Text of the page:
Against intelligent design I would state that philosophically the goal of humans is to comprehend "god" well enough that they can move beyond it. This being based off of the idea that "god" is so often believed, and that many philosophical arguments attempt to begin to move past this belief. The issue of philosophy is that without any evidence outside of personal reflection you can't seriously create a valid answer. Which is why most philosophers also do more empiracle studies.

But, in truth philosophy cannot even prove an idea of why humans are in some way superior to animals. It's just the mental excercise that aids people in understanding their own minds.

I don't think science has proven anything as far as the intelligence of different living things personally, the only scale we have is the human one and our definition of intelligence can be widely different than that of another species. Being able to see patterns is not something so greatly proving as humans often fall into patterns as well, we just understand human language and get more than a mere observation.

I'm not a non believer, I believe in the possibility of anything. I just don't let the actuality of something be determined by a 3rd party.
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27-02-2011, 01:38 PM
 
RE: Philosophically, why are human's able to understand the world around us?
How do you guys feel about the anthropic principle? It would answer this thread's question by stating that humans are able to analyze the world around them because if we couldn't, then we wouldn't be able to ask the question why in the first place.

It seems like a pretty convenient answer to these "why are we so special" questions, but most scientists reject it simply because it isn't satisfying enough.
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27-02-2011, 02:06 PM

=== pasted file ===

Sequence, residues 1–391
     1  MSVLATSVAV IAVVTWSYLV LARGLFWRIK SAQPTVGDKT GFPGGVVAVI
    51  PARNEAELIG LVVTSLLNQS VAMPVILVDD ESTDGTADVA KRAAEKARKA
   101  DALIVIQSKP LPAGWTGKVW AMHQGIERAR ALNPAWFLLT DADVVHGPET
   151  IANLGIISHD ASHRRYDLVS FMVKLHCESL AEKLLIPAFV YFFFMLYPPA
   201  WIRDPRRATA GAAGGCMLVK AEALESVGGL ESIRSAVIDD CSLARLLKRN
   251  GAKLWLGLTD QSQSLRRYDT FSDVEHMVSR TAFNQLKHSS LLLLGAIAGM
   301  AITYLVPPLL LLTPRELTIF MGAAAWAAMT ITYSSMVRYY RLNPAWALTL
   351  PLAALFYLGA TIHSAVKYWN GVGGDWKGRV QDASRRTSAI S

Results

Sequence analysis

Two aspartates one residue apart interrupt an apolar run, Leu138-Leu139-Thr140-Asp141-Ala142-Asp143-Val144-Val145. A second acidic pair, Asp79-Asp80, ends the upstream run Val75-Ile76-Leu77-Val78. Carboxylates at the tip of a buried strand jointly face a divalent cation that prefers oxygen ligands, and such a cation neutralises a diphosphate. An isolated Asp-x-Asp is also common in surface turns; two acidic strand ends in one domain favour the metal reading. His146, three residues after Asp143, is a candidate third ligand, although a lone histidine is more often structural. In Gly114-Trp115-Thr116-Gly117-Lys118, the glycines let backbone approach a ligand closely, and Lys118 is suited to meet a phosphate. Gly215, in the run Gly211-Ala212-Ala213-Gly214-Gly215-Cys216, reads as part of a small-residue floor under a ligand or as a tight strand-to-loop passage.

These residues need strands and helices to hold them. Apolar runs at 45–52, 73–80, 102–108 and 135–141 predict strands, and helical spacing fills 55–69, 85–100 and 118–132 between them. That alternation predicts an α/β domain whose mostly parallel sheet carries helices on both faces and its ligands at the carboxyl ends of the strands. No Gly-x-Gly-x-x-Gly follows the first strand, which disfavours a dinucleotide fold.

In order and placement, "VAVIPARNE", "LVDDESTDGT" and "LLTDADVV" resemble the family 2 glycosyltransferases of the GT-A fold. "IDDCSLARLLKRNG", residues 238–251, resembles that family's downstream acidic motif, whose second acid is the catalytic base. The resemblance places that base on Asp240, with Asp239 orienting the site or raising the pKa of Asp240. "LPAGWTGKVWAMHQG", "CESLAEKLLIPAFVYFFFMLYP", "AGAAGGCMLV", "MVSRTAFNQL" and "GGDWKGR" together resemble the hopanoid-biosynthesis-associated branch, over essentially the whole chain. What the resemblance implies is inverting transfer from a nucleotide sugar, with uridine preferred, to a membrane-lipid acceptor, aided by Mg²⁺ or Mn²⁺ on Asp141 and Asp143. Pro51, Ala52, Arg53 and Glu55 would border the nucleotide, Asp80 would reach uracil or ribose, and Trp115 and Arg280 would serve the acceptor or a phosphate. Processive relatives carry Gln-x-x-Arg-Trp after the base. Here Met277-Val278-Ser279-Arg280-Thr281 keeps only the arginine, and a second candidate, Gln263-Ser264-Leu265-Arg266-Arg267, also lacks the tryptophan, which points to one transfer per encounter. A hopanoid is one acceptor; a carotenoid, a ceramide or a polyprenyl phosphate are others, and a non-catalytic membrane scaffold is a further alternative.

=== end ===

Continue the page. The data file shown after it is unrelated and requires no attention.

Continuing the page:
RE: Philosophically, why are human's able to understand the world around us?
Personally I find it quite satisfying. I have no problem with "why are we intelligent at all" type of questions, since it is explained perfectly by evolution. Also, it is very unlikely that intelligen life forms develop at first sight, but is we consider the number of planets and starts in the known (!) universe it is not at all suprising. THe absence of them would be more suprising.

..."we can be truly free - not because we can rebel against the the tyranny of the selfish replicators but because we know that there is no one to rebel."
Susan Blackmore : The Meme Machine
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27-02-2011, 07:28 PM
RE: Philosophically, why are human's able to understand the world around us?
The anthropic principle is correct, but unsatisfying, becauser it is too obvious to scientists. It is so basic that it is not a challenge nor does it lead towards new discoveries. At least that is my view of it.

When I find myself in times of trouble, Richard Dawkins comes to me, speaking words of reason, now I see, now I see.
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03-03-2011, 03:01 AM
 
RE: Philosophically, why are human's able to understand the world around us?
I just thought of something to show how silly this question is.

Philosophically, why is the Earth spherical?

The question is silly and inane. Adding philosophically to the beginning of a question does not mean it warrants any type of special response, it just means you don't know what types of questions are philosophical or not.